Or she hunts down antiquities – and steals them! Which is her prime reason for the tour places I wonder?
We know something about Kaps from her sister’s book – see the list below of the books in order. She has a rock band – and seems not to turn up when expected to sing . But it seems – from this story – that she has something else going on too – something she has been doing since she was really young – treasure hunting. And being a dragon she hoards! All the old and magic and apparently lost items she finds, she hides away in a room only she knows the location of. And always has.
There’s just one small problem – the items she wants, she has to steal, and other people want to stop that from happening.
So this book concentrates on her stealing for her horde and the rock band gets little mention – which I did think was a shame, as her story was so bound up with it. But the rock band it seems is just a cover for her other activities.
Her sister Huntress, is really concerned for her though, as she is getting into deep water, with her parents who want to lock her up so she is protected and safe, and with the people she is stealing from. We learn more about huntress – the last Glass dragon, in the next book in the series.
I would have liked a longer story line and a little more complexity but then I am not really the main audience for this series – for its intended audience I think it works.
Christina Bauer knows how to tell stories about kick-ass women. In her best selling Angelbound series, the heroine is a part-demon girl who loves to fight in Purgatory’s Arena and falls in love with a part-angel prince. This young adult best seller has driven more than 500,000 ebook downloads and 9,000 reviews on Goodreads and retailers. The first three books in the series are now available as audiobooks on Audible and iTunes.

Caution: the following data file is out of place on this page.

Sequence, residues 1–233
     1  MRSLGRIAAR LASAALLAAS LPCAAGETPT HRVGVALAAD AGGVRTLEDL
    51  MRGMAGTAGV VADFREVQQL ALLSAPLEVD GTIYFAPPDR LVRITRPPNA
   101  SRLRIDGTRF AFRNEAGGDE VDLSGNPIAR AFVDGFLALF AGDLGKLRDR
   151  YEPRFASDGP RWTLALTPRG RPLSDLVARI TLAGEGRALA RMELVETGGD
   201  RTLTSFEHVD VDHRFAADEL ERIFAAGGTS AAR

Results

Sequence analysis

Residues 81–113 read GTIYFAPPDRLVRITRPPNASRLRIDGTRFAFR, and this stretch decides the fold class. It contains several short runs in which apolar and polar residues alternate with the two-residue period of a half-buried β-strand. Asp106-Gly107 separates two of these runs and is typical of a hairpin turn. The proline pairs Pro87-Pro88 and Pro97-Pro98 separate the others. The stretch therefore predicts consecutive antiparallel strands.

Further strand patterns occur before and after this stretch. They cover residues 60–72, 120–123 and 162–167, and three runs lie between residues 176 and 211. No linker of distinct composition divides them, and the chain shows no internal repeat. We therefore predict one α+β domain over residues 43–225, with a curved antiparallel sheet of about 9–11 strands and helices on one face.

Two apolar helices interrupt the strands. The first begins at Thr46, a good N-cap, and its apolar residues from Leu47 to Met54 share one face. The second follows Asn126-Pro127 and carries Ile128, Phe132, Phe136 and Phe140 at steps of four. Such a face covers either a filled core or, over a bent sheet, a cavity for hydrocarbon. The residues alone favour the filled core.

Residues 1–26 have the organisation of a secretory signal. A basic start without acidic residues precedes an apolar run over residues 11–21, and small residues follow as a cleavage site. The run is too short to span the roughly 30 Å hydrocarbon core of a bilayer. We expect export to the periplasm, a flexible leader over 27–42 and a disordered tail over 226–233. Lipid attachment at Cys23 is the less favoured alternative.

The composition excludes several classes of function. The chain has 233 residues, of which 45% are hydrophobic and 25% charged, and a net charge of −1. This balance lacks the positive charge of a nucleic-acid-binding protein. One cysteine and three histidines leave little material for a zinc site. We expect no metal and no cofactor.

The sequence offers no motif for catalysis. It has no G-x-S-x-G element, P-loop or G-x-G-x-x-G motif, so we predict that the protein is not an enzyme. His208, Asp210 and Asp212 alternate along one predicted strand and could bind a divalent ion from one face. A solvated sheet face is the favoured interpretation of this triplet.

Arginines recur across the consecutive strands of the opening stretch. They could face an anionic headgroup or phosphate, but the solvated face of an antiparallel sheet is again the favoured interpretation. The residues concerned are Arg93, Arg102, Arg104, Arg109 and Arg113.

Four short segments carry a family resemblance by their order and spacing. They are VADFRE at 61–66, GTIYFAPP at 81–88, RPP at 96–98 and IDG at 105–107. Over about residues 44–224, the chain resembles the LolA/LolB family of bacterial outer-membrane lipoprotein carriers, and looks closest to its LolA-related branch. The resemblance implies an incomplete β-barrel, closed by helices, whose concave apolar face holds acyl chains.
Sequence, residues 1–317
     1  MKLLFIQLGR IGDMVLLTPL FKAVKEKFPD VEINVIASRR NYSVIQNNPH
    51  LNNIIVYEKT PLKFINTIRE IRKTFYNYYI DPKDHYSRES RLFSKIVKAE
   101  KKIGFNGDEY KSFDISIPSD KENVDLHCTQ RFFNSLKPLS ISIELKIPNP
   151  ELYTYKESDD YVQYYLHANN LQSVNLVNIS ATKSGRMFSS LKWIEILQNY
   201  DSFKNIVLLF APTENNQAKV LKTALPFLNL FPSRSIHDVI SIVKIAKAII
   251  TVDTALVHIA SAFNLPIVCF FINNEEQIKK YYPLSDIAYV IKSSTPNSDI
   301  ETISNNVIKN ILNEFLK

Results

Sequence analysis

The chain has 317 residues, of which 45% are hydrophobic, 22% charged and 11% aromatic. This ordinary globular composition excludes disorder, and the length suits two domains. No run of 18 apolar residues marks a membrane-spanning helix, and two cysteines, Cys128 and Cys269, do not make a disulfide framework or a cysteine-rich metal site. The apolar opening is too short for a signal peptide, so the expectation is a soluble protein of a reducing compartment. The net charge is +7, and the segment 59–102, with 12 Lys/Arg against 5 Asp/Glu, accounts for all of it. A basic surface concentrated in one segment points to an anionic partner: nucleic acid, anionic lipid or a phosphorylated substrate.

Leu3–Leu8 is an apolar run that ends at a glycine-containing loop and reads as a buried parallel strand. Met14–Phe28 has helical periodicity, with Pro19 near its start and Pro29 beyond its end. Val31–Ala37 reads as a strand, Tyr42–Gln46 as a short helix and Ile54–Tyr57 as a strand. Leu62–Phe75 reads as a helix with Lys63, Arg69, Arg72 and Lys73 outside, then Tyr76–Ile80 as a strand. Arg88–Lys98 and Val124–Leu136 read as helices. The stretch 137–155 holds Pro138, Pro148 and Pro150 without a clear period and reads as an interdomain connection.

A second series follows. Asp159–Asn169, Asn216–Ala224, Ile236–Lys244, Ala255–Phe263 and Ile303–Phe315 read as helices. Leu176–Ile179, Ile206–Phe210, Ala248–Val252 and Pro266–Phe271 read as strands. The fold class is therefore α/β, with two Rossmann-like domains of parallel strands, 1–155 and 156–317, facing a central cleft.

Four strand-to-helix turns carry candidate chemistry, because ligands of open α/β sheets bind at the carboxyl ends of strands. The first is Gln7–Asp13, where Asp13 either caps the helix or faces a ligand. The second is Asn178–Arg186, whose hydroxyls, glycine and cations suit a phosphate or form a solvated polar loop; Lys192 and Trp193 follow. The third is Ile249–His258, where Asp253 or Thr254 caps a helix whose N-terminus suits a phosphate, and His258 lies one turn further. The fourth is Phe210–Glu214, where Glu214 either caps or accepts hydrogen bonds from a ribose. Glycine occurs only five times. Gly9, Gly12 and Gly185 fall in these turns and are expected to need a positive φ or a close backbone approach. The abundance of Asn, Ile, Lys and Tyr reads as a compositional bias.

Bauer has also told the story of the Women’s March on Washington by leading PR efforts for the Massachusetts Chapter. Her pre-event press release—the only one sent out on a major wire service—resulted in more than 19,000 global impressions and redistribution by over 350 different media entities including the Associated Press.
Christina graduated from Syracuse University’s Newhouse School with BA’s in English along with Television, Radio, and Film Production. She lives in Newton, MA with her husband, son, and semi-insane golden retriever, Ruby.
Ignite You: A Second Chance Mafia Romance
(Cole Brothers Series, #1)
Diana A. Hicks
Genres: Adult, Contemporary, Romance
Hicks Media Group, Inc. (2 Nov. 2019)
Publication date: November 1st 2019
Former mafia hitman.
God’s gift to women.
Those were just a few reasons why I hated Dom in law school.
I hate his panty-melting stare, his wicked smile, and that loose-hip stride of his.
I hate the way his biceps stretch the sleeves of his tailored suit.
I hate that after two years, I can’t stop thinking about the almost kiss in the library.
So when he sits at my bar, acting like he doesn’t remember me, I do what any woman would’ve done in my position.
I agree to a midnight hookup with the great Dom Moretti.
Ignite You is a steamy, slow-burn mafia romance that can be read as a standalone. It is book one in the Cole Brothers series. Previously released as Love Over Logic
A town that doesn’t really exist but operates very much in the old medieval way where there is those with money on one side of a river, and those without on the other. In some American towns it is also a railway line I understand. In England it would be the higher lane for the wealthy as the lower land would be marshy and prone to flooding. And many would have the name Upper Town added.